France police cleared over Zyed and Bouna 2005 deaths
A court in France has acquitted two police officers accused of failing to help two boys, whose deaths at a power substation led to weeks of riots.
Bouna Traore, 15, and Zyed Benna, 17, were electrocuted in the Paris suburb of Clichy-sous-Bois in October 2005.
Police had chased the boys as they made their way home from a football match.
Almost 10 years later, the court in Rennes cleared Sebastien Gaillemin and Stephanie Klein of charges of failing to assist someone in danger.
Adel Benna, Zyed's brother, said he was sickened by Monday's ruling.
"Police officers are untouchable. It's not just in this case, they are never convicted," he told reporters.
The officers had been accused of doing nothing to help, despite knowing the boys were in danger when they were seen approaching the EDF power facility. They insisted they were not to blame.
Bouna and Zyed were electrocuted while a third youth, Muhittin Altun, escaped with burns.
The deaths ignited three weeks of clashes with security forces in run-down city suburbs across France.
Vehicles and public buildings were burned and thousands of people arrested in rioting that led to the first state of emergency in the country for more than 20 years.
For years the case dragged through the courts, until in 2012 France's highest court overturned a ruling that dropped a "failure to help" charge against the officers.
But Monday's closely-watched decision, which comes after a five-day trial in March, is final and cannot be appealed.
The trial focused on a phrase that Mr Gaillemin, 41, radioed to colleagues, saying: "If they enter the site there's not much hope they'll make it alive."
The call was received by Ms Klein, a police intern at the time, who was accused of not reacting.
But president judge Nicolas Leger ruled that neither officer had a "clear awareness of an imminent and serious danger", which would be required under French law for a conviction.
The officers' lawyer, Daniel Merchat, said his clients were "relieved".
"For nine years, my clients have been completely convinced that they committed neither a mistake, nor a crime. This nine-year case has left them suffering... for them this is now a page that has turned," AFP news agency quoted him as saying.
France 2005 riots
- 25 October: Interior Minister Nicolas Sarkozy pelted with stones and bottles in Paris suburb of Argenteuil. Describes violent elements as "gangrene" and "rabble" ("racaille" in French)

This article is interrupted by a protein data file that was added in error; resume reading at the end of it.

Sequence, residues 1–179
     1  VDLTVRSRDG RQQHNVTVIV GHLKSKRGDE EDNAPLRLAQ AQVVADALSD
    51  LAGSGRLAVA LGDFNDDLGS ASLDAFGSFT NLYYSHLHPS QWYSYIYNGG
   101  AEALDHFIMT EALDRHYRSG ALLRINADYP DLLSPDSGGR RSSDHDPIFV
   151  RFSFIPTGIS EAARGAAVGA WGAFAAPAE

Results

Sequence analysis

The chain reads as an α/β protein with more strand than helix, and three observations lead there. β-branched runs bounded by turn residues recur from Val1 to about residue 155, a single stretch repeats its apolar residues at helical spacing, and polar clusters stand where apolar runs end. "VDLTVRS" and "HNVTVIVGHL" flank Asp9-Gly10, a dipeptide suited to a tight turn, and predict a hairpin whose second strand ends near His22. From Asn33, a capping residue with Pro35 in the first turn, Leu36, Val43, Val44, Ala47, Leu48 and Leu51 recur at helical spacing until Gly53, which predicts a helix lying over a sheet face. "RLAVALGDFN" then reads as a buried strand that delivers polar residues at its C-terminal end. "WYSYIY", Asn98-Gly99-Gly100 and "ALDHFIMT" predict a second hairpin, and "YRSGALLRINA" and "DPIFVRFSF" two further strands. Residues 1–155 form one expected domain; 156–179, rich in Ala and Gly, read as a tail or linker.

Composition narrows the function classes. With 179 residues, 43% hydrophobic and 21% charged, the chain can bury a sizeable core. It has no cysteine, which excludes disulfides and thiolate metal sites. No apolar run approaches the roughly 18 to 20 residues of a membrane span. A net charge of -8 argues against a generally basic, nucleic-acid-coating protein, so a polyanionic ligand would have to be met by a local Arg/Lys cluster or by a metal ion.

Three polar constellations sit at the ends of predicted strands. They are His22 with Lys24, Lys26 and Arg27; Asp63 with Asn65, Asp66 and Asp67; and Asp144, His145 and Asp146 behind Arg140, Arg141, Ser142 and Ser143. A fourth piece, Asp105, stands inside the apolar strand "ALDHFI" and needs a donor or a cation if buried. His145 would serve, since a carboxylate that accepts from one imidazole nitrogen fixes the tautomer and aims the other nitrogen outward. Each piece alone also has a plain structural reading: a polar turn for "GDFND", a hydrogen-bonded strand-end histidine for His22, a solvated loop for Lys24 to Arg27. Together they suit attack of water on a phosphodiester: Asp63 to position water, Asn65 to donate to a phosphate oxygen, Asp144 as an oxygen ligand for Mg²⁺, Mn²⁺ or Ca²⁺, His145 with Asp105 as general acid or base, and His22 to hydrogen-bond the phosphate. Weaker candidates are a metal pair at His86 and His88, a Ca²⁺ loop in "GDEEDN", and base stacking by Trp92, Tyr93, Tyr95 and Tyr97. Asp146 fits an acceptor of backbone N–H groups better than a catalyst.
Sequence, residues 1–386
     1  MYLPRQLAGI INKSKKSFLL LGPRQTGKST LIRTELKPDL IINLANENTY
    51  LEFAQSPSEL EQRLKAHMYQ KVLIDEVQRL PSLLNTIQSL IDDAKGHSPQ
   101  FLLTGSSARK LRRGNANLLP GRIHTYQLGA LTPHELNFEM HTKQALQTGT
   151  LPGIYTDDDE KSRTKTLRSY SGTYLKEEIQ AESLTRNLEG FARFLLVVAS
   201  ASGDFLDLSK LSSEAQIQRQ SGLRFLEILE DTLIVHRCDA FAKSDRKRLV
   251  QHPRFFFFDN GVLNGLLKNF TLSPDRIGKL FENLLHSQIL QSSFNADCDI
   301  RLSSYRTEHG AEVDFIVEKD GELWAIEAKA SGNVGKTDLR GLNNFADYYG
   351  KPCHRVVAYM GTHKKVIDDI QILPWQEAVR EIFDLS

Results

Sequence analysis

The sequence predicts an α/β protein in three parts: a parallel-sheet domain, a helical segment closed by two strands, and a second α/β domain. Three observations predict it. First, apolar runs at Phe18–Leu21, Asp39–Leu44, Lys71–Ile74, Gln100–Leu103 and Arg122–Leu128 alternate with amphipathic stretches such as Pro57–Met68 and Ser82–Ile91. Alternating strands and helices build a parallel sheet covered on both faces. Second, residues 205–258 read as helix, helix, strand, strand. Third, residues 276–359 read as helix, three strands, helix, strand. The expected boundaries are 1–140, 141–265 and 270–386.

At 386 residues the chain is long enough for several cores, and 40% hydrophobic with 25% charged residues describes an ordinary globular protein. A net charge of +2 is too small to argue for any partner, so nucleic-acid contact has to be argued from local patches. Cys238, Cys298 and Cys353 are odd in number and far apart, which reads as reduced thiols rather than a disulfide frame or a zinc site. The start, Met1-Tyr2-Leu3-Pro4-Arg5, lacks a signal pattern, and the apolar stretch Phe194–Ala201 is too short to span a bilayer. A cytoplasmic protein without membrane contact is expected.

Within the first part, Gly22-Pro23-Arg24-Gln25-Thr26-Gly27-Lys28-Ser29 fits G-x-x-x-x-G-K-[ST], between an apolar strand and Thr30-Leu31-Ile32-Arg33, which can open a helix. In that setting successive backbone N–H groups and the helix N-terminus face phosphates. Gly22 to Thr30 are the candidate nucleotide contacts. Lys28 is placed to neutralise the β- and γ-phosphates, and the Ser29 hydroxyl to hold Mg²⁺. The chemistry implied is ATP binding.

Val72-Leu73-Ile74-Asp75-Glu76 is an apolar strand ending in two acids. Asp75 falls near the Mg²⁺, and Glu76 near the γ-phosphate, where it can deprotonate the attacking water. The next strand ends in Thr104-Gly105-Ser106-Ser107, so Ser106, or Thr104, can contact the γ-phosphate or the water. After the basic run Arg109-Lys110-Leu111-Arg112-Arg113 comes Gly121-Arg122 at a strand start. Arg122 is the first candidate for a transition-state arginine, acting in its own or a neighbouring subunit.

- 27 October: Deaths of Zyed Benna and Bouna Traore in Clichy-sous-Bois trigger riots
- 30 October: Mr Sarkozy pledges "zero tolerance" of rioting and sends police reinforcements to Clichy-sous-Bois
- 3 November: Violence spreads beyond Paris region to eastern city of Dijon and parts of south and west
- 9 November: Emergency powers come into force across more than 30 French towns and cities
If found guilty, the two officers would have faced up to five years in prison. However, both the defence and prosecution had called for an acquittal.
The two dead teenagers' relatives have launched a civil case, seeking a total of €1.6m (£1.2m; $1.8m) in compensation and damages.
The hashtag #ZyedEtBouna was trending in France on Monday, with many users expressing their dismay at the verdict.
But far-right National Front MP Marion Marechal Le Pen, a granddaughter of party founder Jean-Marie Le Pen, provoked an angry response when she used the word "rabble" to describe young delinquents, echoing what former Interior Minister Nicolas Sarkozy had said two days before the two boys died.
She suggested the ruling showed that the riots had been unleashed "for pleasure and not because of a police blunder".
Clichy is one of France's most notorious immigrant "banlieues" (suburbs).
In January, Prime Minister Manuel Valls said France should no longer tolerate "ghettoisation" in the suburbs, following the Paris attacks that left 17 people dead.
Social alienation was seen as a factor in the attacks, carried out by jihadist gunmen.